5 Books That Changed My Life: Sarah Graves

Green Mansions by W.H. Hudson starred a young man named Abel, but for me the important character was Rima the Bird-Girl, and after that the wild, strange forests of Venezuela. For a Wisconsin kid that was a heady brew: romance , danger, and exotic settings all mixed up with ideas of guilt, innocence, and redemption – or the lack of it.

A Scent of New-Mown Hay (John Blackburn) provided my first exposure to the kind of frightening fiction that needs no alien monsters or supernatural ghouls but relies on the enemy being us. Well, us and some unpleasant members of the vegetable kingdom, that is… The wonderful chills John Blackburn’s first book gave me are part of the reason I try now to provide them for other people.

Shirley Jackson – all her books. Stories, too. I’ve said it before, but if you want to know what “having a voice” means for a writer, read anything of hers. Ideally, read Haunting of Hill House and then one of her domestic novels: say, Raising Demons or Life Among the Savages. Because if you do, you’ll see that not only did she have a voice, but she could modulate it depending upon her subject. And then, like me, you’ll spend your life trying to do likewise…

Joan Didion’s Play It as It Lays – another unmistakable voice. That you could have an attitude and make it audible via the written word was a new concept for me when I first read this. Now, reading Blue Nights and Magical Thinking, I hear her voice again and appreciate her even more.

And finally – Grace Paley and her stories, beginning with Enormous Changes at the Last Minute. Again with the attitude, the voice, the point of view, but this time with a personal note: I once woke up in what I thought was truly bad trouble, and as I tend to do at such times, I went to a bookstore. There I found Enormous Changes, bought it, and read the whole thing on the spot at a table in the bookstore’s café. And when I had finished it, my situation was the same but my attitude had been altered – and it has stayed that way.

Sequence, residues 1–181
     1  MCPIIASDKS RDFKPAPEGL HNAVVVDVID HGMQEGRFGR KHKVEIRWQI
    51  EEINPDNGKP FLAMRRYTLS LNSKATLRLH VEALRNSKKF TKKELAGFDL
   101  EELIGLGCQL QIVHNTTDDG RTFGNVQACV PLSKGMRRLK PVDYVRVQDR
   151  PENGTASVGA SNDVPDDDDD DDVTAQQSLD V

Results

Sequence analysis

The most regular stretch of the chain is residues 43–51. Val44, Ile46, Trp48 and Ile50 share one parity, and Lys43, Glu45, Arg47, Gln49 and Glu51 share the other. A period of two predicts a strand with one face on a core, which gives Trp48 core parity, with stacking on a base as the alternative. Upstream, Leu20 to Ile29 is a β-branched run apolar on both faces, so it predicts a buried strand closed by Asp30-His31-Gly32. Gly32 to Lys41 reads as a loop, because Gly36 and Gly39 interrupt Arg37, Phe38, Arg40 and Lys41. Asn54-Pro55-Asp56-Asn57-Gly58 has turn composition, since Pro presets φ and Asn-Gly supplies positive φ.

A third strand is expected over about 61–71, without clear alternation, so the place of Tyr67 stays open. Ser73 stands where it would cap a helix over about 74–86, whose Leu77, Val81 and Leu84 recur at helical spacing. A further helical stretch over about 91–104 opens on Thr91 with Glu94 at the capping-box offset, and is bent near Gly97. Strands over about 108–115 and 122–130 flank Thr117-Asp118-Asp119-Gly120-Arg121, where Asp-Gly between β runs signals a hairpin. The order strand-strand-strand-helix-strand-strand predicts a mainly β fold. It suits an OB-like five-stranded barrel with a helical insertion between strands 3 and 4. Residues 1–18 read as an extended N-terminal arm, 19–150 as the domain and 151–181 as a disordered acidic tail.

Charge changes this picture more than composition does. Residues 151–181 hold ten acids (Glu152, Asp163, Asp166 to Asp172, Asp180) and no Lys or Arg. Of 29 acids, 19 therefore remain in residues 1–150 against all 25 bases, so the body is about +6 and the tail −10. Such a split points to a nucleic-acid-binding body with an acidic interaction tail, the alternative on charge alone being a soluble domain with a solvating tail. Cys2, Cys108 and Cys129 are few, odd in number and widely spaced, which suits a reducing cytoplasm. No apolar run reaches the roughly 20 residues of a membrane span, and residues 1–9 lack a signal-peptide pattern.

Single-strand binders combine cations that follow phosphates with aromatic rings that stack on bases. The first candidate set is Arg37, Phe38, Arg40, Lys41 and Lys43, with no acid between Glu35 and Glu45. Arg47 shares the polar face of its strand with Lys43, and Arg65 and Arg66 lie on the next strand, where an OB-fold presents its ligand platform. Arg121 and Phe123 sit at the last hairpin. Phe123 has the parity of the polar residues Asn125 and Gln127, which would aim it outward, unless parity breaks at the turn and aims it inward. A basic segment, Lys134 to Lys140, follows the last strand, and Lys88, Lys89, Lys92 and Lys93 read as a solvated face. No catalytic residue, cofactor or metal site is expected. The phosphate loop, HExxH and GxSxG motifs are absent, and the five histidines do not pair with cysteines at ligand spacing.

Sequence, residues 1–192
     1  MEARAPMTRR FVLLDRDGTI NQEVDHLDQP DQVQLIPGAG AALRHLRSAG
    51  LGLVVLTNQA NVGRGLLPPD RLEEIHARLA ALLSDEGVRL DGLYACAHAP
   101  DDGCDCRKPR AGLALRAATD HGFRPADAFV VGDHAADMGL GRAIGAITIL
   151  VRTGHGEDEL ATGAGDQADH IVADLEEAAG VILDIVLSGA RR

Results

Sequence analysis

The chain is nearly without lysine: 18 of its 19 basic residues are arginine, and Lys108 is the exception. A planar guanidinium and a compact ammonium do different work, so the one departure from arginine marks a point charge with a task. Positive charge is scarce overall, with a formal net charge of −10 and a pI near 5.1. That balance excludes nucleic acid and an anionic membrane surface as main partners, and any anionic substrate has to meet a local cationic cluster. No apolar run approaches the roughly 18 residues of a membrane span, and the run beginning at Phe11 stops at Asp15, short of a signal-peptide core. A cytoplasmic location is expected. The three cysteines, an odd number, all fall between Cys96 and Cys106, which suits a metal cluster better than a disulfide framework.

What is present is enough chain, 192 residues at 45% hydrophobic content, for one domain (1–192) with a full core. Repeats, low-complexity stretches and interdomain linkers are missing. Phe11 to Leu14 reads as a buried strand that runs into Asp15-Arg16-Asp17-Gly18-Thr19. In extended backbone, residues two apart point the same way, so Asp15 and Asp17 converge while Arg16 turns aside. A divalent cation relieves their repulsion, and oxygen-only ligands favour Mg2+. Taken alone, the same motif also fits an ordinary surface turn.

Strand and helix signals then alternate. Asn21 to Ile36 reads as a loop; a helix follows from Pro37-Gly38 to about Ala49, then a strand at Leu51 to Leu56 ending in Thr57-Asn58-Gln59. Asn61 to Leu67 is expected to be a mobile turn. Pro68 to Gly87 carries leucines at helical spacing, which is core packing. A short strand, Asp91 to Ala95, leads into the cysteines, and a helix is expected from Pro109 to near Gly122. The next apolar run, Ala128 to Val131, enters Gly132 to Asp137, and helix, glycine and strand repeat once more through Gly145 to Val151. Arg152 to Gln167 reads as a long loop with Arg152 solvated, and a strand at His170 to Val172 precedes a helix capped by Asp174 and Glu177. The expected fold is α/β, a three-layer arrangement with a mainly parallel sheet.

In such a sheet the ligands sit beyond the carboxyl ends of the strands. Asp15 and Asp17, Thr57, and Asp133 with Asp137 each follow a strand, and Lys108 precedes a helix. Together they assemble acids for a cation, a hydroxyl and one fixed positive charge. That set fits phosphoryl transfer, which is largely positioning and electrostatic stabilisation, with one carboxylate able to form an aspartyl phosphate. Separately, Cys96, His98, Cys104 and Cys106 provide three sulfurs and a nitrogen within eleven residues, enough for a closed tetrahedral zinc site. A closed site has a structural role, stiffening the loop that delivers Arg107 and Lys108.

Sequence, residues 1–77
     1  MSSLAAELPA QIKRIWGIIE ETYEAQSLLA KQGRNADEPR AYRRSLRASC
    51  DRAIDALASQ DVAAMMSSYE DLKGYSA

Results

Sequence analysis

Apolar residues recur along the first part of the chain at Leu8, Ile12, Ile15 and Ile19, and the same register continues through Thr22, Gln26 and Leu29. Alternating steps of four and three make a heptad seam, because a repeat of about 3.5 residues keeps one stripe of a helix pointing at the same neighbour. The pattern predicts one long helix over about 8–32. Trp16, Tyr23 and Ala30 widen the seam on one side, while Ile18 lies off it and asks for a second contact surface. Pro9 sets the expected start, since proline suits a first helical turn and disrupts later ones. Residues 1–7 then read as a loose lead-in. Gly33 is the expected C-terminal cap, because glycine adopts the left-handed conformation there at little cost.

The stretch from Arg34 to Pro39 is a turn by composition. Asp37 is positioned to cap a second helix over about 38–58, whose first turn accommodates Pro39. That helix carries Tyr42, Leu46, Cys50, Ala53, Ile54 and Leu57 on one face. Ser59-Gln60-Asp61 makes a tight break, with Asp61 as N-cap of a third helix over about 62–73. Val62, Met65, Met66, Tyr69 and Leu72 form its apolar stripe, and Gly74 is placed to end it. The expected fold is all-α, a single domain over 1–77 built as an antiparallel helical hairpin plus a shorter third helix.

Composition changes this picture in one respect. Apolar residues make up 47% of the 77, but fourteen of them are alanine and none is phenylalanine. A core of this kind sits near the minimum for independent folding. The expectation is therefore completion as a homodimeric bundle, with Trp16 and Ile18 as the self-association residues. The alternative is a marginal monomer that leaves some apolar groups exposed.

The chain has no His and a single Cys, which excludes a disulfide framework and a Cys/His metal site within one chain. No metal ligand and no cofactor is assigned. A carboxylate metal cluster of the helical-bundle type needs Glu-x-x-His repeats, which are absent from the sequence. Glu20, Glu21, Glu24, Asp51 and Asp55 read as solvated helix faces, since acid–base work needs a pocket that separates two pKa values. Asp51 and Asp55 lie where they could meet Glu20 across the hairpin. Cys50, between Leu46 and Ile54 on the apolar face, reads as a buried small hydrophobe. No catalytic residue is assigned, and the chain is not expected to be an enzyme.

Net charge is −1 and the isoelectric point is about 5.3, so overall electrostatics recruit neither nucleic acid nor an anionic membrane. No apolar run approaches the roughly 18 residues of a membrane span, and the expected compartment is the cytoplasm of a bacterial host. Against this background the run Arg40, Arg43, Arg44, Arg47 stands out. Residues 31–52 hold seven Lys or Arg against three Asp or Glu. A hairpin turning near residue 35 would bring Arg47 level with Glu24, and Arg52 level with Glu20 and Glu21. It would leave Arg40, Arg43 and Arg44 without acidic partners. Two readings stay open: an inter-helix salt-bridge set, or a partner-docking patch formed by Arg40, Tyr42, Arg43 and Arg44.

The latest from Sarah Graves.

Sarah Graves lives with her husband in Eastport, Maine, in the 1823 Federal-style house that helped inspire her books, the Home Repair is Homicide mysteries, set in Eastport, Maine and starring amateur home repair enthusiast Jake Tiptree. Sarah lives in a big old house much like Jake’s, so she knows what she’s writing about when it comes to fixing things. She’s not quite so experienced in the dead-body department, but that’s probably just as well. This series and the author’s real-life experience have been featured in House & Garden and USA Today. She is currently at work on the first novel in her new mystery series, Winter at the Door, to be published by Bantam. The latest in her Home Repair is Homicide series, A Bat In The Belfry, was released on Tuesday.

When she’s not writing — when is she ever not writing, she wonders a little wildly? — she gardens (vegetables, flowers) in summer, shovels (snow, sleet, slush, ice, more snow) in winter, and walks (and walks, and walks) a golden retriever all year round.